The place I work at doesnt give any breaks. I thought TX law stated that companys had to give 2 15 mintue breaks and a 30 minute lunch break. Or one 1 hour lunch break per 8 hour period. Anyone know?
tx has no such law.. its a myth law.stephen4785 said:The place I work at doesnt give any breaks. I thought TX law stated that companys had to give 2 15 mintue breaks and a 30 minute lunch break. Or one 1 hour lunch break per 8 hour period. Anyone know?
ok but we are working 12 hour shifts01WhiteCobra said:Neither Texas nor Federal law addresses lunch or breaks.
As far as making you work 7 days a week, as long as they are paying you the overtime (if non-exempt) they can make you work 7 days a week, 52 weeks a year, 10 hours a day.
You are right.... breaks are a privilege unless stated in individual state law and I dont think Texas has such.... I know Oklahoma doesntblackstripe5.0 said:I don't think there is any law for breaks...I think you have to work either 6 or 8 hours and supp to get at least 30 minute lunch
Optional employee benefits and payroll practices not required under any law include such things as:
breaks - although some states require breaks, most do not - federal law has no break requirement - the only exceptions are found in OSHA regulations relating to highly hazardous occupations such as high-altitude steel erection workers or nuclear plant workers - most companies do allow some sort of breaks, however
"coffee breaks" (rest breaks) are paid, since they are regarded as promoting productivity and efficiency on the part of employees and thus benefit the employer - 20 minutes or less in duration
"lunch breaks" are unpaid - defined as 30 minutes or longer for the purpose of eating a meal - employee must be "fully relieved of duties" during the meal break – if employee is answering phones, filing, or otherwise working while eating, the "break" is counted as regular work time
premium, holiday, and weekend pay - this is extra pay for unusual hours, such as "double time" or "triple time" pay for working extra overtime or during times when most employees take off - this is not required under any law, but is often a matter of supply and demand, i.e., whatever is necessary to get employees to be available at unusual times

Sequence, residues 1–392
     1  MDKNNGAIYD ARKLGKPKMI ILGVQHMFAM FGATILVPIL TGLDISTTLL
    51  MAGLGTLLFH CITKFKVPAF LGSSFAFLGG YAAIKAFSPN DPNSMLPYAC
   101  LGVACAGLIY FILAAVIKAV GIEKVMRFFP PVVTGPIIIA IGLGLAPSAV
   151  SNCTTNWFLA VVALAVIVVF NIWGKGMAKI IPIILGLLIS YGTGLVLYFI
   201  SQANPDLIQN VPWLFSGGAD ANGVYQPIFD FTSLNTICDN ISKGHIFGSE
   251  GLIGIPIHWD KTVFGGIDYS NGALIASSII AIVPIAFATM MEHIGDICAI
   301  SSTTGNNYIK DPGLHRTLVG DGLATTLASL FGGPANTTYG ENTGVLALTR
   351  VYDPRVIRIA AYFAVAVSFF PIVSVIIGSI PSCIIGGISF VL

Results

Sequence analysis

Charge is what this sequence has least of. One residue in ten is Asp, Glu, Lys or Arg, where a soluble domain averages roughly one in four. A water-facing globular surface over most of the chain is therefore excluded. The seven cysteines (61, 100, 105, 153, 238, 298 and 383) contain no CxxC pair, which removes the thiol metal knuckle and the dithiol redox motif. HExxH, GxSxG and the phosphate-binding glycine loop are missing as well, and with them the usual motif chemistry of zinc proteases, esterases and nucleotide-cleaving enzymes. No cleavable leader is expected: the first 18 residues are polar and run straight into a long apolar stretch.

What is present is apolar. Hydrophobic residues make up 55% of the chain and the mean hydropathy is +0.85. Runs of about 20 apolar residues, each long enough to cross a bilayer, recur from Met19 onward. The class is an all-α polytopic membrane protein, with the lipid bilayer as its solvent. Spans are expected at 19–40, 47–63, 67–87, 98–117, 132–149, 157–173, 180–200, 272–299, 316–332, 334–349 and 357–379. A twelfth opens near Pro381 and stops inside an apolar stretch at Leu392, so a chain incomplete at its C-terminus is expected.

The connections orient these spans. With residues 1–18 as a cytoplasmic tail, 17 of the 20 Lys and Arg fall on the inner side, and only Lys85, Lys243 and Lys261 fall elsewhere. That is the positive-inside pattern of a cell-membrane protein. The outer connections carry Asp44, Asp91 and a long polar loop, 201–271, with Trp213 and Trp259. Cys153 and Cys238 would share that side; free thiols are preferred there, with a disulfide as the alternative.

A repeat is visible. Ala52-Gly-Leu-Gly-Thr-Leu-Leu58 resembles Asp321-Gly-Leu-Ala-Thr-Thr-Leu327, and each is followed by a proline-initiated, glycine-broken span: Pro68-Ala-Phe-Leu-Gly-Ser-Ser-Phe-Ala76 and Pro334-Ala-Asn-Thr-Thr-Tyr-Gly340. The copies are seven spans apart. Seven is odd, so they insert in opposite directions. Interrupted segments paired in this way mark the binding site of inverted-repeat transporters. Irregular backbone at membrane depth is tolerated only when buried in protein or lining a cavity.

shift differentials - defined as higher hourly pay for second or third shifts, as opposed to the normal hourly rate given to workers on the daytime shift - as with "premium pay" above, this is a function of supply and demand
raises - not required under state or federal laws, unless the minimum wage is increased on either the federal or the state level. However, even though raises are not required, withdrawing a raise that has previously been promised could give an employee good cause to quit. Important: once a raise goes into effect, the employer must pay it until it is withdrawn - it may be withdrawn only prospectively, never retroactively - a retroactive pay cut will always violate the law
pensions - pension or retirement plans are not required - however, keep the "1000-hour rule" in mind in case you have a pension plan and any workers who work at least 1000 hours in a 12-month period
An employer does not have to give a break or a lunchtime to ANY employee unless they are covered some other agreement (like a union contract). The state of Texas, nor the Feds give a crap about breaks or lunch.99shestang said:If you work an 8 hour shift you have to be given 2 15 minute breaks. I'm not sure about the lunch time, but I know you have to be given a break. But if you are part time, I think you get 1 15 minute break.
Look it up on google or yahoo.
Done it before. 4 months straight, 12 hour shifts, 7 days a week building control panel/computer systems for natural gas turbines.Whitesmoke said:ok but we are working 12 hour shifts
fuck it im getting a part time job and going back to school the "real world" is bullshit